Still blindfolded, Alba can hear others being tortured from the cell where she has been taken. She is taken several times to Colonel García, who asks her about Miguel. She is repeatedly beaten, tortured, and raped. After a torture session during which she passes out, she is taken to a cell with other women prisoners. Ana Díaz is there. She is pregnant, but has been tortured and loses the baby. The two become friends and mutual supporters. Alba is once more taken to García and begins to realize that he resents her for reasons other than her connection to Miguel. She is his "private prisoner." He sends Alba to the "doghouse," a small and dark tomb-like cell where she stays for days, dying. Meanwhile, Esteban has tried everything to discover Alba's whereabouts. In a final effort, he consults to Tránsito Soto, now the owner of a fancy brothel attended by military officers and other powerful men. Tránsito repays her old debt to Esteban with information.
Alba is freed in the middle of the night, in a shantytown. The residents help her and take her home. Reunited with Esteban, she tells him all that happened to her. He proposes that they leave the country, but Alba refuses. He realizes she wants to stay because of Miguel, and he tells her Miguel came to see him and the two men together tried to find her. Esteban and Alba clean and restore order to the house. Following her grandfather's suggestion, she starts to write down the story that readers are now reading. Esteban dies peacefully in Alba's arms.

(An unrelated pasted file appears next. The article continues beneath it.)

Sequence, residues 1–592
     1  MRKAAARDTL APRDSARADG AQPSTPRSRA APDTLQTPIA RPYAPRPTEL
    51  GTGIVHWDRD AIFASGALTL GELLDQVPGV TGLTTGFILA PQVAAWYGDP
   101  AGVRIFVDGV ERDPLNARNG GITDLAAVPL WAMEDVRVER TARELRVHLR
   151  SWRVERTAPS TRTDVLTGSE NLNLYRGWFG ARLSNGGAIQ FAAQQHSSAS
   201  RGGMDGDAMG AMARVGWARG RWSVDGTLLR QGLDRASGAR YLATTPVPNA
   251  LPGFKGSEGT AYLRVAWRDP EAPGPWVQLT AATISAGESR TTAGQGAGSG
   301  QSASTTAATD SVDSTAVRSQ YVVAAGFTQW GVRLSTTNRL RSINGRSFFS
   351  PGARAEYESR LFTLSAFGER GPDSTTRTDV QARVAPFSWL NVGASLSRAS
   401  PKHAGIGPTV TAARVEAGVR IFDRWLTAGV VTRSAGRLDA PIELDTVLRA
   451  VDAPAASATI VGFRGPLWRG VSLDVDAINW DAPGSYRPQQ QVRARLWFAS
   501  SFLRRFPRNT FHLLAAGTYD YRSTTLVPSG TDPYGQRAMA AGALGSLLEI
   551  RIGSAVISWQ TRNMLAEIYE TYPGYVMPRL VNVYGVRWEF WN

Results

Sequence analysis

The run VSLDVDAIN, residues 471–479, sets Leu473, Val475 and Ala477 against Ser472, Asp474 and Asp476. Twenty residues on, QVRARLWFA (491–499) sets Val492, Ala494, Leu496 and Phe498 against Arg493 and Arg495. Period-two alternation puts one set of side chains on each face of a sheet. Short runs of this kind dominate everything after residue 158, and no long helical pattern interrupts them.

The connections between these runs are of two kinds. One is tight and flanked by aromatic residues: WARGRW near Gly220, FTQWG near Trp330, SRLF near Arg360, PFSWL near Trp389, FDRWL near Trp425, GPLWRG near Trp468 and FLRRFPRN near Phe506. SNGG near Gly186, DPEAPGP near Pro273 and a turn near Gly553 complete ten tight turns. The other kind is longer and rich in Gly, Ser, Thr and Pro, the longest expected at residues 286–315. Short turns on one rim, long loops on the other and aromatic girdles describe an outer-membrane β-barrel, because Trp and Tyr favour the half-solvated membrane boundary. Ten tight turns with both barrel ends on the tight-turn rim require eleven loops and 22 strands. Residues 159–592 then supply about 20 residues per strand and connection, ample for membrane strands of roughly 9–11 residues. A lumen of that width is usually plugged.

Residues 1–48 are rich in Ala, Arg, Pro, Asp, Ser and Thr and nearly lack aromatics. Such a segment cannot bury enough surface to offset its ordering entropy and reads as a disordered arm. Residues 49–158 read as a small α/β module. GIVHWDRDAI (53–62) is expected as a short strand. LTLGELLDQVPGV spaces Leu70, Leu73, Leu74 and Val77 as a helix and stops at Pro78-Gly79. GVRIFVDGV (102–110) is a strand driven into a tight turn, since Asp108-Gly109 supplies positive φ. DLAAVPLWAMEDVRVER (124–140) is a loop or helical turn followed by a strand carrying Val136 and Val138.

The war between the military dictatorship and the civilian population in Chile followed a longstanding split between the wealthy and the poor in that country. Interspersed with the Trueba family story, Allende describes scenes that are representative of the social changes happening in Chile, especially after World War II. As the narrative progresses, the family's story and national history become more closely linked. Members of the Trueba family, despite their own social standing, become politically conscious and begin to side with the poor. As a result they become targets of violent political repression: Jaime is arrested, tortured, and assassinated; Blanca and Pedro Tercero must flee the country; and Alba is kidnapped and tortured by the police.
Throughout the novel Allende calls the reader's attention to the social division and injustice affecting the poor and the working classes. As lower-class people become more aware of the extreme differences in wealth, their discontent increases. Socialism—a form of government in which production and distribution is controlled by the state, not individuals or corporations—seems to offer some solutions, but the elite class fears Socialist ideas and begins to defend itself against a possible uprising. When the Socialist candidate wins the presidency, it is a cue for the upper class to do something drastic. Allende alludes to American involvement in the coup. The Chilean right wing and military were with "gringos" and "imperialism," which ultimately sustained the entire repressive regime. The seeds of war could nonetheless be found in the disparities that had separated the rich and the poor for a long time.
Censorship, Violence, and Torture